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  1. Standard member anthias
    ambitious player
    22 Aug '06 19:54
    After I learned how to move the pieces, I only worked on the endgame. No middlegame, no openings, just endgames. Thus when I started to go to a chess club, I immediately started to get pounded in blitz matches because I didn't know any openings or basic middlegame concepts- such as how to get rid of the knight pin on f3(f6) after you castled. It just took me a lot of time for me to think about the position, so I lost every single game because of time pressure. I dediced to learn some openings, as I started to dig some middlegame books (Barraging the Barricades and How to Reasses yor Chess, also with all of Sairawan's Winning Chess series).

    I started with the Italian Game as white, and Queen's Indian as black. What I ask you is: "What are the main 'plans' of these two openings?" I can surely look up some opening book to see this, but I just want to ask people who use these openings frequently.

    Note: It doesn't have to be only GP and QI, you can talk about any opening, and I'll see if I can work on it
  2. 22 Aug '06 23:47
    Originally posted by anthias
    After I learned how to move the pieces, I only worked on the endgame. No middlegame, no openings, just endgames. Thus when I started to go to a chess club, I immediately started to get pounded in blitz matches because I didn't know any openings or basic middlegame concepts- such as how to get rid of the knight pin on f3(f6) after you castled. It just took m ...[text shortened]... be only GP and QI, you can talk about any opening, and I'll see if I can work on it
    If you memorize Reuben Fine's The IDEAS BEHIND THE OPENINGS, GM Fine says you'll be no less than a master at minimum.
  3. 22 Aug '06 23:52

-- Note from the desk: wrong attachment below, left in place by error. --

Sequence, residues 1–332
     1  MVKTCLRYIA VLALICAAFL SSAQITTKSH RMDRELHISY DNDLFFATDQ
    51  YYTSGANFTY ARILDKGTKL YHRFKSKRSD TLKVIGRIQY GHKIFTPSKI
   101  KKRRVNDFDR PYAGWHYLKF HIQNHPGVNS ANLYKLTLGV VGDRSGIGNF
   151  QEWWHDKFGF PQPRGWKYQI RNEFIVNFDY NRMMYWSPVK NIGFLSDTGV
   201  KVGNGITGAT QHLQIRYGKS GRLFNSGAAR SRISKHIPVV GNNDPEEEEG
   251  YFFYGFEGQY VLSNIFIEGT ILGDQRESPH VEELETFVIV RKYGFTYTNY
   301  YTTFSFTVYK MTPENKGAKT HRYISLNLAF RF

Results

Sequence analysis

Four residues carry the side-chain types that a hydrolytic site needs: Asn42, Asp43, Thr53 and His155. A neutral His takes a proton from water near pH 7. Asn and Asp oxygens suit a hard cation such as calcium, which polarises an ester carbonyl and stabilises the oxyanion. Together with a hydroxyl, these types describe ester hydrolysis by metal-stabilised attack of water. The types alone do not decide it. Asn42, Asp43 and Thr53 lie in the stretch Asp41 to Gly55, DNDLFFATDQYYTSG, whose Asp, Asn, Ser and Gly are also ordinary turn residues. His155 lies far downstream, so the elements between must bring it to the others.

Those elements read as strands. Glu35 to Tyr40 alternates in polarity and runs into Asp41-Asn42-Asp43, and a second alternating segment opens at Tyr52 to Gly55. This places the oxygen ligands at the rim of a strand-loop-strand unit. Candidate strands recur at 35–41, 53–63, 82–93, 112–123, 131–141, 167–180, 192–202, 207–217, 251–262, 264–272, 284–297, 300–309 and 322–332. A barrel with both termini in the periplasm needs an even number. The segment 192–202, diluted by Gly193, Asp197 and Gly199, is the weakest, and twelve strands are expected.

Reuben always was a bit of a crackpot
  4. 23 Aug '06 00:02
    Originally posted by Gorgar
    Reuben always was a bit of a crackpot
    Yeah, I know. But, he sure could play good chess. hehe
  5. 23 Aug '06 00:02
    The Idea of the Giouco Piano is for white to try and bore black to death while hoping that he doesnt breeze his way to equality (which isn't too hard for him if he stays awake)
  6. 23 Aug '06 00:29 / 1 edit
    Originally posted by YUG0slav
    The Idea of the Giouco Piano is for white to try and bore black to death while hoping that he doesnt breeze his way to equality (which isn't too hard for him if he stays awake)
    In spite of its name, this opening is far from boring.
  7. Standard member anthias
    ambitious player
    24 Aug '06 16:58
    Any other ideas?
  8. 24 Aug '06 17:15
    Originally posted by anthias
    Any other ideas?
    Well,what is the main idea behind the Giuoco?I would say quick development,central control and an eye on Black's weakest spot f7.I guess there's a bit more to it than just that but I'm no expert.

    I don't know the Queens Indian.
  9. 24 Aug '06 18:43
    Originally posted by Gorgar
    Well,what is the main idea behind the Giuoco?I would say quick development,central control and an eye on Black's weakest spot f7.I guess there's a bit more to it than just that but I'm no expert.

    I don't know the Queens Indian.
    not just blacks weakspot but black eyes whites weakest spot f2
  10. 24 Aug '06 19:18
    Originally posted by tomtom232
    not just blacks weakspot but black eyes whites weakest spot f2
    Yes,if Black plays Bc5.Anyway,I thought we were looking at it from White's point of view.
  11. 24 Aug '06 19:20
    Originally posted by Gorgar
    Yes,if Black plays Bc5.Anyway,I thought we were looking at it from White's point of view.
    I am pretty sure he said he wanted to learn openings for white and black.
  12. Standard member anthias
    ambitious player
    24 Aug '06 19:33
    For example, in Yugoslav Attack, White tries to undermine Black's kingside with his h and g pawns, and maybe a rook sac.

    How about the Itailan Game?
  13. 25 Aug '06 01:06
    Originally posted by Gorgar
    Reuben always was a bit of a crackpot
    Crackpot or not, he was a genuis at chess and an excellent writer. Almost certainly the best American player to never win the U.S. Championship.

    His "Basic Chess Endings" remains a monumental contribution to chess, and he had to figure all the stuff out without help from Fritz!

    IMO, his "Chess the Easy Way" remains one of the best chess primers of all time.